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Gregory Case, The Quilt Show's official photographer (Photo Man) knocked himself out this round! We have decided to split the photos into four sets - with no particular order. For those who want a sneek peek at what we did and who we highlghted this past tapimg round in La Veta - here you go. Grab a cup of Java and enjoy! Stay tuned - more to come................

http://thequiltshow.com/one

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Look - Look - everyone! I found more Florida wilderness - NOW I need to find Florida Wilderness shoes................

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Episode 106, A Touch of Ireland posted today. To watch this show, go to Watch a Show and scroll down to Episode 106 and click Watch Now. Choose from an environment and enjoy the show. Below the enviornments you'll find the Segment List. The Segment List is there to help you find anything associated with that particular show. Enjoy!

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Story Submitted by: QueenNonna

Katie and Loren live not to far from me, we would get together often. While there I would covet one of her quilts, Grandmothers Garden. It was made by Lorens Great Aunt, it is in the fabrics that I love most. Well, Loren (74) lost his life last year to a heart attach, he had been doing chemo for kidney cancer and went through with flying colors but his heart was not up to the chemo. Loren was a voluteer paramedic and firefighter for our little community. He was loved by everyone who came into contact with him, our community honored him just before he died with the Citizen of the Year award. I decided to make Katie a quilt with Lorens clothes, his shirts for the blocks (crazy patch), his pants for the sashing, and his patches from the fire department and paramedics for the corner stones. Needless to say Katie dearly loves and treasures her piece of Loren. A few weeks later Katie called to invite me over so she could take pictures of us with the quilt. Just before leaving Katie gave me the Grandmothers Garden quilt, she knew that Loren would want me to have it. What a treasure, we both now have great treasures to love.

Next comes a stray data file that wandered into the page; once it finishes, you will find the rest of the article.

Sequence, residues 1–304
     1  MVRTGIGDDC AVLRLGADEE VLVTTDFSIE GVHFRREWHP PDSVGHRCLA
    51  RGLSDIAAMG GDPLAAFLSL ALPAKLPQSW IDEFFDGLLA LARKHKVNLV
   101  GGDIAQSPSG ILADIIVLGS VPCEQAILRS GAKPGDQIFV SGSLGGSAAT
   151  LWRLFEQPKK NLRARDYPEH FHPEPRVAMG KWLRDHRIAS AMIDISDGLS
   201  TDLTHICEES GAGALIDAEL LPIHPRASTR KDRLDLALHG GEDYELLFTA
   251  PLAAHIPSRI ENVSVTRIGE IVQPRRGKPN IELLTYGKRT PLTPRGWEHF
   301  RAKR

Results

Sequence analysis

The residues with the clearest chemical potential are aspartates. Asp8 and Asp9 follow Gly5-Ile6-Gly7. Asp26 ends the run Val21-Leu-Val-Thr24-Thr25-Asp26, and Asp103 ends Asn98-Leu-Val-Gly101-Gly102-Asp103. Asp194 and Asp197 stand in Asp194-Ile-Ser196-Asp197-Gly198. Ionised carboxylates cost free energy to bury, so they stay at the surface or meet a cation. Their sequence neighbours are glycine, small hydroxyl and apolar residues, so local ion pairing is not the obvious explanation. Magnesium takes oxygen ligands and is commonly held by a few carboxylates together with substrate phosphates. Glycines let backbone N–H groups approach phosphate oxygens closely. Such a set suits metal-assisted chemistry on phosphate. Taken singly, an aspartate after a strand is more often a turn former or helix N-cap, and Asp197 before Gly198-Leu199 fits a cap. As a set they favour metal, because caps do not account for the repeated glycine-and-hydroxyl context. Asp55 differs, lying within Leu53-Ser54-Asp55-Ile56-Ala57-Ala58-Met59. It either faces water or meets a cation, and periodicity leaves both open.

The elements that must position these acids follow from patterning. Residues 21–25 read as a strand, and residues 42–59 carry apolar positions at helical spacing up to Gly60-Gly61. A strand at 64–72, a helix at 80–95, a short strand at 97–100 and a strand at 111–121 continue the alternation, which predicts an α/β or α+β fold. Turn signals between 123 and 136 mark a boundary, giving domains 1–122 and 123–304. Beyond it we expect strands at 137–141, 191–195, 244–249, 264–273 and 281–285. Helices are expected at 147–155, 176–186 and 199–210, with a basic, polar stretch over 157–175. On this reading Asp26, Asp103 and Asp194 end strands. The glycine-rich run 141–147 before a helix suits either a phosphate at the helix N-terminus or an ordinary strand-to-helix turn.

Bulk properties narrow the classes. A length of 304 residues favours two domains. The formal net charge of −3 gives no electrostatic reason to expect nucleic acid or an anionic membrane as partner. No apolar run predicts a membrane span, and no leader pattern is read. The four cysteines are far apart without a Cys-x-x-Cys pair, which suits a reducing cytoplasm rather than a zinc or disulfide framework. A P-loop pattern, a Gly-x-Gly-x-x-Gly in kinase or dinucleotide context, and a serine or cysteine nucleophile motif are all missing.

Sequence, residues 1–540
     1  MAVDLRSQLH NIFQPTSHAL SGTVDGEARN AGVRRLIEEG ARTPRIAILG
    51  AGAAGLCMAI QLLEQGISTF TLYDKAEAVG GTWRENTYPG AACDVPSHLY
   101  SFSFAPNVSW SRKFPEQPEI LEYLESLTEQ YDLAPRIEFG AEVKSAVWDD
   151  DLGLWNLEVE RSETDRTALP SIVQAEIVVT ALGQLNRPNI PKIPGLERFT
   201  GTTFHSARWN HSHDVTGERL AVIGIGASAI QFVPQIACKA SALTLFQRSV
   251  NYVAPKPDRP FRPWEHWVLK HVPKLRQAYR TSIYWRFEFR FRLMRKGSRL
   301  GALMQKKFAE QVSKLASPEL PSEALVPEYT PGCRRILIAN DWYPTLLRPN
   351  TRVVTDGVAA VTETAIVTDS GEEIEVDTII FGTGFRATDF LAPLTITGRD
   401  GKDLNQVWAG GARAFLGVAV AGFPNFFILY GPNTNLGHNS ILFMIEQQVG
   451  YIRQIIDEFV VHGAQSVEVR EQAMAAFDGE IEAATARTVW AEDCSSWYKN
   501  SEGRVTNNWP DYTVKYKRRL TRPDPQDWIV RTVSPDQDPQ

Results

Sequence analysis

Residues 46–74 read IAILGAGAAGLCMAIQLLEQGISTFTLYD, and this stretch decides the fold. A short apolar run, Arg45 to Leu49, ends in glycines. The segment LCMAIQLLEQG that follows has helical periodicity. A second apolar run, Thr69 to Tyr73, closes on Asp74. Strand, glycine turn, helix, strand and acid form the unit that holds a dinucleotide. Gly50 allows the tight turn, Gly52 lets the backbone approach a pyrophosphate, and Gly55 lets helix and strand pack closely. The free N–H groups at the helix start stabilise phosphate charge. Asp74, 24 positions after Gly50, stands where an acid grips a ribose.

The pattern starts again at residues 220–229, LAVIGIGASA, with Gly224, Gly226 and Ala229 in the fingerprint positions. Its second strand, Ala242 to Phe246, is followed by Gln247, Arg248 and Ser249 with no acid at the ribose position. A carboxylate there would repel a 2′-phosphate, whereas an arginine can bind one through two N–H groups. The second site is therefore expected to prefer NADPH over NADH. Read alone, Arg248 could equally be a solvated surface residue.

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Who says you have to be in CO to have a wilderness adventure?! On the way to the Grande Cypress Resort (You will like this place Ricky!) - I was keeping a pealed eye for alligators beside the road. Yes, I do know they are around here - but imagine my surprise when this happy little fellow showed up - maybe we don't have to go to Antartica after all!

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Looking for gaters - looking for gaters - looking for gaters................

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Rubia, Inc. is a New Hampshire, USA, non-profit organization working with Rubia in Afghanistan to serve women in rural Afghanistan, through education, skills training and the promotion of their hand-embroidered textiles.

 Named for a red root used to dye yarn, Rubia is creating new traditions in textiles by translating the heritage and skills of Afghan women into sustainable livelihoods. All aspects of the development and implementation of Rubia’s programs are rooted in Afghanstan, using community members at all levels to help build the economy and capacity in their home region.

EMBROIDERY IS THE HEART AND SOUL OF TRADITIONAL AFGHAN TEXTILES.   Traditionally, embroidery has been women’s handwork, done at home, between domestic chores, to enhance their surroundings.  Rubia integrates these traditional elements with the new benefit of earning an income while maintaining fragile elements of their tectile heritage: plant dyes, natural fibers and designs drawn from ancient Afghan tribal patterns. 

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Alternative livelihoods are the key to Afghanistan’s social and economic recovery.  Subsistence farmers who had supported their families with poppy cultivation are now seeking other means of economic empowerment.  Poppy flowers and other designs embroidered by women in the valley of Darrai Noor provide a legitimate source of income, a new tradition in textiles. 

YOU CAN MAKE A DIFFERENCE, TOO, by purchasing beautiful Rubia embroidery to support a self-sustaining business.  Visit their online catalog at http://rubiahandwork.org/catalog/index.html 

Rubia is a project of Social and Environmental Entrepreneurs (SEE), a registered public charity, which provides non-profit status.  www.saveourplanet.org